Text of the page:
Ottawa Magazine

Three Rivers

- BY ROY MACGREGOR Roy MacGregor is a Globe and Mail columnist and author of 50 books, including Canoe Country. He has written more books than he’s read.

They are, rather appropriat­ely, the three most political rivers in the land. Taken together, they embody settlement, the economy, the first great spending scandal, the first tax revolt … And, of course, the nation’s capital. It is not by accident that the positionin­g of Bytown, later to become Ottawa, was where the three rivers — the Ottawa, the Gatineau, and the Rideau — converge, their waters becoming one as the current heads south and east to join the St. Lawrence River and, eventually, reaches the Atlantic Ocean.

It was the Ottawa River that allowed First Nations’ travel and hunting routes from the St. Lawrence to the Great Lakes, the Ottawa that took the European explorers to the Mattawa River and then west, the Ottawa that made fur and timber possible and then became the original highway for settlement.

Yet the Ottawa has been described as “the greatest unknown river in the world.” Commuters using the Chaudière Bridge as they move between Ottawa on the Ontario side and Gatineau on the Quebec side do not even notice the spectacula­r falls — considered a sacred place by Algonquins — where, in 1860, more than 20,000 loyal citizens cheered the Prince of Wales as he flew through the Chaudière slide on a timber crib guided by expert rivermen.

Being relatively unknown, however, can be seen as a blessing for those privileged to enjoy the Ottawa River’s long stretches of near wilderness, its fabulous whitewater challenges, as well as fishing, sailing, beaches and, closer to Ottawa and Gatineau, fabulous bicycle and walking paths that follow its eastern and western shorelines.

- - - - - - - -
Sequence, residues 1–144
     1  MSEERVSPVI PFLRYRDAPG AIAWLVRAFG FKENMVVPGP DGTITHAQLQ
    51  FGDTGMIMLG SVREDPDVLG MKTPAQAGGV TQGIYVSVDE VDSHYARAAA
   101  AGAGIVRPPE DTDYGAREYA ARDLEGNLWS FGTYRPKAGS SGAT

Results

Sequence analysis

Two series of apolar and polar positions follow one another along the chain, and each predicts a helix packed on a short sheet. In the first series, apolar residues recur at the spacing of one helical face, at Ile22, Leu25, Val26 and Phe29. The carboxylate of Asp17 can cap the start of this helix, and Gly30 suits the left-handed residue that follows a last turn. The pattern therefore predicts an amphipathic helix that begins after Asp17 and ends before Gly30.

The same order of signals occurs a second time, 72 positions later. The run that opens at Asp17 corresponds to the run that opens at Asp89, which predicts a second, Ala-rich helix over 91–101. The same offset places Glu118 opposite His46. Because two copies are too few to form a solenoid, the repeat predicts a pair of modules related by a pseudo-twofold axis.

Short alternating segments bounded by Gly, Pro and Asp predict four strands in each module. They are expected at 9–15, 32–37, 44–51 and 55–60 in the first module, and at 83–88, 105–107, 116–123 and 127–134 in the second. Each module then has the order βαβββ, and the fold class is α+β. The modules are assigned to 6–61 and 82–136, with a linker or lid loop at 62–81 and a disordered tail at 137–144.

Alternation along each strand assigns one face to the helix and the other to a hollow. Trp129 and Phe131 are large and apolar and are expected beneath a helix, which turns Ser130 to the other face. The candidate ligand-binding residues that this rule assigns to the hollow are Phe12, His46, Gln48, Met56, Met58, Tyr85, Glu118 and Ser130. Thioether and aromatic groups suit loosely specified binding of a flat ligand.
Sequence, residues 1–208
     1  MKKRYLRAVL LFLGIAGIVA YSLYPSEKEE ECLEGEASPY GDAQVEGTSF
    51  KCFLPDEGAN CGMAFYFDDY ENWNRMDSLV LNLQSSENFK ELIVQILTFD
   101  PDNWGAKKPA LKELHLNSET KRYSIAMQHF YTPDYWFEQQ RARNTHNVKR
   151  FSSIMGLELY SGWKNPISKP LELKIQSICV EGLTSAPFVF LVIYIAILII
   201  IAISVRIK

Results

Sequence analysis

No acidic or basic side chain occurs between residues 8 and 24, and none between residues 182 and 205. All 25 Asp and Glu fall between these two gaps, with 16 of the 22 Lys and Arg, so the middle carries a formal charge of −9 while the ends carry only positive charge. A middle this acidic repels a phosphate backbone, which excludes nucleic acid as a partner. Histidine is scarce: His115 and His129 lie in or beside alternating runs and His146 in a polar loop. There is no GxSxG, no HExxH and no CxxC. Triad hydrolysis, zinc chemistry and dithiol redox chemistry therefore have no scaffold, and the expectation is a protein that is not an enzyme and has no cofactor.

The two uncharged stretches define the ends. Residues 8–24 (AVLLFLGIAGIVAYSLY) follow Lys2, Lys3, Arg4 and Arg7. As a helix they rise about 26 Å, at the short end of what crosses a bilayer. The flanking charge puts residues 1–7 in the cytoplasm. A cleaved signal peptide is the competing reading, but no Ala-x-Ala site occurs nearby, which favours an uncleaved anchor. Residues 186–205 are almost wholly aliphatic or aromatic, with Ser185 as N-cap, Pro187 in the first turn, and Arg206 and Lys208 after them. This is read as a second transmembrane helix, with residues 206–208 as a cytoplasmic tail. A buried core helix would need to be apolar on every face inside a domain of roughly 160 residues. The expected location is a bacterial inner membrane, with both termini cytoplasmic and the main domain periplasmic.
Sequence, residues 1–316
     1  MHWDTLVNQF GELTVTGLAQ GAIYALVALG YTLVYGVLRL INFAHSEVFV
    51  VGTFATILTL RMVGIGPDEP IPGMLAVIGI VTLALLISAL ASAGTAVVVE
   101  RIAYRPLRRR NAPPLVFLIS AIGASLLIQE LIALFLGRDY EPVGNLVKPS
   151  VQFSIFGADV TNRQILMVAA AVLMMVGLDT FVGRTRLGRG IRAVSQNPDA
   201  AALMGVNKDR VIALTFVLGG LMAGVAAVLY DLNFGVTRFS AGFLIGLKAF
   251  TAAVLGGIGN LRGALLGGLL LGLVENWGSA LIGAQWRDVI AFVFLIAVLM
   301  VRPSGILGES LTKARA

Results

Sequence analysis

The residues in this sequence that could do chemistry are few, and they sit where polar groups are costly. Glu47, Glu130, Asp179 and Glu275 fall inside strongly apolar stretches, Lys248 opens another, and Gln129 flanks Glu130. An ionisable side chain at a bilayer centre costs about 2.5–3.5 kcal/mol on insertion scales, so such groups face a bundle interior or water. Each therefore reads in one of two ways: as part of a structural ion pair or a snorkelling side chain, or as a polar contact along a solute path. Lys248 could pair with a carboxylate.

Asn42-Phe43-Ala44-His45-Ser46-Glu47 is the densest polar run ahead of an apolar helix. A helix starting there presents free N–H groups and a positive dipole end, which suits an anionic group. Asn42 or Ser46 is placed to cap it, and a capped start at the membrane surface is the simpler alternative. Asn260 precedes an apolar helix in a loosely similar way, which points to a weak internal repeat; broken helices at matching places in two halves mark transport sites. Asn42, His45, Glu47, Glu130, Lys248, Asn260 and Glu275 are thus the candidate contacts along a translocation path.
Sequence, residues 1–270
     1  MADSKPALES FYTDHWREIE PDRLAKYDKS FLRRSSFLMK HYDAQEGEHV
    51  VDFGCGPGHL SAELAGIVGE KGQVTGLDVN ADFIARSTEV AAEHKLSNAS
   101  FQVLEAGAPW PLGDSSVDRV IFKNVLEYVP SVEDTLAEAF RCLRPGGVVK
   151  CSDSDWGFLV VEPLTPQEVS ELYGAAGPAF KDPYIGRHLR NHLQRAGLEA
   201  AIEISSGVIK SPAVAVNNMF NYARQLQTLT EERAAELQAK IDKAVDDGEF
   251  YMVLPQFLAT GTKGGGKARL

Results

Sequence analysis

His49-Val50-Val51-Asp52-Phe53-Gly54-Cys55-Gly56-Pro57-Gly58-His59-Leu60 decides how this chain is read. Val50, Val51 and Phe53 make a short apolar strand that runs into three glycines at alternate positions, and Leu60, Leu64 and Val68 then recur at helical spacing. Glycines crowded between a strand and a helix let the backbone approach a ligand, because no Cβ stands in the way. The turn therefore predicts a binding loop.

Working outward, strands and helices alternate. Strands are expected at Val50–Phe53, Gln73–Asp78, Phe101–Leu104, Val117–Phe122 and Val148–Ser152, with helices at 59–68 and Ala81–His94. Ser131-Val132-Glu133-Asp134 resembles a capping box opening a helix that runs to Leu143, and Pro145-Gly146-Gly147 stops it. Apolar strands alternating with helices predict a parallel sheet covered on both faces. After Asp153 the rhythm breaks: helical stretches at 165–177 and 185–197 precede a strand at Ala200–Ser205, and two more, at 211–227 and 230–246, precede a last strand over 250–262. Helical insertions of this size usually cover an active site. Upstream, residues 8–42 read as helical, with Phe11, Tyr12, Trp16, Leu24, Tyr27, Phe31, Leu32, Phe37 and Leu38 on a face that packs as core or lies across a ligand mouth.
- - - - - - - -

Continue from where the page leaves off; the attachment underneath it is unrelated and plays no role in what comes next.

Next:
Even less known is the Gatineau River, which is not only the cleanest and the least inhabited of the three but has a lesser-known place in Canadian history: a tax revolt that was put down by the extraordin­ary act of sending in the army.

It happened at Brennan’s Hill in late 1895. For 15 years, the hardscrabb­le farmers and settlers of the area — largely of Irish descent — had refused to pay their taxes. They had fled Ireland to escape overlords and oppression, they argued, and damned if they were going to let it happen again here.

They threw one bailiff in a root cellar and locked him there for two days. When a policeman showed up at a farm owned by a Miss O’Rourke, said to be all of $2.35 in arrears, she grabbed a stick of firewood and chased him down the lane, vowing if he showed up again, she’d pour boiling water over him.

The Battle of Brennan’s Hill came to an end when federal authoritie­s decided to dispatch the army — 120 soldiers “armed to the teeth,” according to a headline in the Nov. 14, 1895, Ottawa Evening Journal.

The army reached the nearby village of Low, pitched tents, and in a very Canadian ending, the revolution came to a close with everyone paying up — even Miss O’Rourke — and apologizin­g for the inconvenie­nce.